Written by By David Olive, CNN
Move over, stagflation. The US economy is now teetering on the brink of inflation . Although the problems have been brewing for some time, it’s not yet clear how much price increases will seep into the everyday lives of American consumers.
The good news for those inclined to be savers is that the US Federal Reserve has shown its resolve to stick with its course of raising interest rates. However, recent inflation readings suggest that the economy may be in better shape than previously thought.
Let’s start with the bad news first. Inflation, or the prices of goods and services as measured by the US Consumer Price Index (CPI), ticked up 0.4% in September. The core measure, which excludes more volatile food and energy prices, rose 0.2%. The increases did not push the so-called core CPI past 2%.
Data analysis from the United States Federal Reserve Bank of St. Louis notes that core inflation has not been above 2% since December 2014. Food and energy prices held the index down between 2012 and 2014, but they have largely recovered in the past two years.
Why is inflation tickling up?
One reason that inflation could be edging higher is the disruption to global oil supply caused by the ongoing conflict in Syria. Although US crude inventories are still above the five-year average, the number is up from six weeks ago. That signals that the global market is in better shape to weather supply disruptions.
Higher energy prices also coincide with a sharp increase in the cost of wood products and construction materials.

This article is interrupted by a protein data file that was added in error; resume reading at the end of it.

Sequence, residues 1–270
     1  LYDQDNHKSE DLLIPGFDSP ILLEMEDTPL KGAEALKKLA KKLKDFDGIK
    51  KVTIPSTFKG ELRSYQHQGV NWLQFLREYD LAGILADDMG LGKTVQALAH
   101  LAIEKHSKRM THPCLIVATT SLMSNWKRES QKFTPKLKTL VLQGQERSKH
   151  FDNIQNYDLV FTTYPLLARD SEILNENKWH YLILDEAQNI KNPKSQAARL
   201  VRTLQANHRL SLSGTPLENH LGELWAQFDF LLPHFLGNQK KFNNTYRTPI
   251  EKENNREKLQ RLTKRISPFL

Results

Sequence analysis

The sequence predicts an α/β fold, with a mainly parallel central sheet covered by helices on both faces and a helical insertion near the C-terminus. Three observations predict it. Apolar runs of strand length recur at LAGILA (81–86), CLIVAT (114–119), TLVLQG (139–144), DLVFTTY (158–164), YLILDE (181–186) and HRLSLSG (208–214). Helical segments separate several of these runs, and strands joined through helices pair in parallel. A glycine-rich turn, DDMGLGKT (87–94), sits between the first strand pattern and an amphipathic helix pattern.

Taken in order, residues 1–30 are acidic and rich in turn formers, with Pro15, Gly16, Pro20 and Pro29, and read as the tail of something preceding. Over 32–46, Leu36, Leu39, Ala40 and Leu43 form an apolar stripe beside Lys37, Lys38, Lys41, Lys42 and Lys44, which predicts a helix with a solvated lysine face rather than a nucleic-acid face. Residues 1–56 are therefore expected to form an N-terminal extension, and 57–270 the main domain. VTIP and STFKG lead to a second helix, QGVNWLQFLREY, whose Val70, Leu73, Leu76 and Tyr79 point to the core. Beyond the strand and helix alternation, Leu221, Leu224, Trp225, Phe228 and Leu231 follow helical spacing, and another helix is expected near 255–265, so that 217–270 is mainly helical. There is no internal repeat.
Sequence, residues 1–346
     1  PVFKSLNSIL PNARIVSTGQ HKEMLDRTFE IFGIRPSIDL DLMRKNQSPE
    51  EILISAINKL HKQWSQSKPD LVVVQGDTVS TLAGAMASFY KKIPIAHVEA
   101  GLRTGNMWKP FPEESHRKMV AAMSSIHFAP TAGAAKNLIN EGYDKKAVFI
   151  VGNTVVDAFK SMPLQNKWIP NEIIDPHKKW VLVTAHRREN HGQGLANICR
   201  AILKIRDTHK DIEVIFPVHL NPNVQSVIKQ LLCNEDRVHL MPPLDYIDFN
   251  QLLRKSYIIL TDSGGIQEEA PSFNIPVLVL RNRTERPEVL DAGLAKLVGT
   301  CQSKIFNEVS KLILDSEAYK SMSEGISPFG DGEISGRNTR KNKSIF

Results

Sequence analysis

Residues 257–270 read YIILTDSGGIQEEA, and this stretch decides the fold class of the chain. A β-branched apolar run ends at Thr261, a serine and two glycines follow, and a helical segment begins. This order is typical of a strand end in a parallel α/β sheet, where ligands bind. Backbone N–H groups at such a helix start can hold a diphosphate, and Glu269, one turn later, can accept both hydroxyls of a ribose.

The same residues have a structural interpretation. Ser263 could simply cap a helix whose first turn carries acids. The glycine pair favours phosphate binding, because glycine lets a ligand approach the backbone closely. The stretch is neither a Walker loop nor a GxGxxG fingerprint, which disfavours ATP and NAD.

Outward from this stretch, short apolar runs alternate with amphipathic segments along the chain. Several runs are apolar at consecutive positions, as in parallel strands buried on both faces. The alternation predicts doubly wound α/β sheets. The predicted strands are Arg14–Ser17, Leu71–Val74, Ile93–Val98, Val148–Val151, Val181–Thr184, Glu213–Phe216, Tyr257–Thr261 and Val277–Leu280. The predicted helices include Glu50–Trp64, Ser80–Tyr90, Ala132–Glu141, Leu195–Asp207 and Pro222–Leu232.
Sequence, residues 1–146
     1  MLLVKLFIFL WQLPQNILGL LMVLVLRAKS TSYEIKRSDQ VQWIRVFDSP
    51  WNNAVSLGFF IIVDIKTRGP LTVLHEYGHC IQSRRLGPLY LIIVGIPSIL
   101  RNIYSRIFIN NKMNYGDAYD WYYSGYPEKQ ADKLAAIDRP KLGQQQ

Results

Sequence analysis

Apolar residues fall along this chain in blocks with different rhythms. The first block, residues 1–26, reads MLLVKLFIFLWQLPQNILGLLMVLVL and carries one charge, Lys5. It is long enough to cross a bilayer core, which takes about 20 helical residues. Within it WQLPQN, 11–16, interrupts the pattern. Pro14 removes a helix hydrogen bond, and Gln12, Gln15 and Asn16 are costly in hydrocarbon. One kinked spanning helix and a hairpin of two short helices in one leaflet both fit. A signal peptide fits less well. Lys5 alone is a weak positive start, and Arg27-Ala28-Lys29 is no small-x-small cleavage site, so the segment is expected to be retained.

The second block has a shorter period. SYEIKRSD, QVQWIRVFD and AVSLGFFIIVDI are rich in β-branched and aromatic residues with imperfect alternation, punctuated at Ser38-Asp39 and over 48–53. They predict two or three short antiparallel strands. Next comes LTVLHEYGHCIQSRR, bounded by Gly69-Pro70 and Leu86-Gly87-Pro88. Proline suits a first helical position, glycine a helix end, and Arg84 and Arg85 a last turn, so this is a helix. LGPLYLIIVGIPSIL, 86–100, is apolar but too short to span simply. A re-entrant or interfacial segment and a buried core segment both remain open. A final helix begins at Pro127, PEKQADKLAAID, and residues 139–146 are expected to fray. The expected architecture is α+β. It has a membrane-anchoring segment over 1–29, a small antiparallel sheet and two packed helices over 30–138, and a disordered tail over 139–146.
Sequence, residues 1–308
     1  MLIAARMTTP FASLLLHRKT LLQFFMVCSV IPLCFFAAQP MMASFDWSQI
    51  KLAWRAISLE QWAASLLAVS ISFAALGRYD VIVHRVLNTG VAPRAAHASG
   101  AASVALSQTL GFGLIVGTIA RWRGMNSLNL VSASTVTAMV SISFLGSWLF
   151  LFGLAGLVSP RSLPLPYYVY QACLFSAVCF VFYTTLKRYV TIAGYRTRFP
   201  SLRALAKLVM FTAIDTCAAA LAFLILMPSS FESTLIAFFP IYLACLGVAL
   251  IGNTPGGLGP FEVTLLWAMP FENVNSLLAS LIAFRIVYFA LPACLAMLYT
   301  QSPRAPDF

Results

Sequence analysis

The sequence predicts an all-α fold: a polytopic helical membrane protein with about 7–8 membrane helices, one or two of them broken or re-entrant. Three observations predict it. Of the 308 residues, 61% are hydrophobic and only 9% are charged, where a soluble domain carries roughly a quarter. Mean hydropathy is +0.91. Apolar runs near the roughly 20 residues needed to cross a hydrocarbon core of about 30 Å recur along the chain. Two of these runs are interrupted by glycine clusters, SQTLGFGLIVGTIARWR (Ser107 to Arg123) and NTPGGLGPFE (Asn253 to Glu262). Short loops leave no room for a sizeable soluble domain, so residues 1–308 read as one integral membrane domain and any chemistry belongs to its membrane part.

Until now, higher tariffs on aluminum and steel imports seemed to have little impact on the US economy. In fact, growth has been so strong that consumers have been able to put some of their extra income toward the cost of their own goods.
Fed raises interest rates
This is a roundabout way of saying that higher tariffs and tariffs from other countries may be a contributor to higher prices for goods and services.
In August, trade tensions started heating up as President Donald Trump and his allies announced a package of tariffs on imports from China. When tariffs on Chinese goods were enacted this year, they already included a list of $50 billion worth of goods, including cell phones, industrial equipment and food.
What effect could this have on consumer prices? For the time being, we’ll just have to sit tight.
China and the US agreed last week to a 90-day cease-fire in their trade war, during which the two countries are supposed to try to find a way to work together. After that, tariffs will take effect again on January 1.
Zoeb Meldrum, executive director of the Econometrics Research Group at the University of Nevada, said that Trump’s reliance on tariffs could constrain the US economy in the long term.
“I think he may be the most ideologically motivated president since FDR. … And he has done quite a bit of unilateral and autocratic-style economic policy, particularly with China and the imposition of tariffs,” Meldrum said.
The US economy grew by a robust 4.2% in the second quarter of this year. July was the best month for housing since 2006, with a 6.6% increase over July 2017.
However, purchasing managers reports at the end of last month indicated that factory production growth had slowed and that growth in the manufacturing sector may have weakened.
The Econometrics Research Group expects an average annual growth rate of 2.9% from now through 2020, which would be slightly lower than the average of 3.1% over the past 15 years.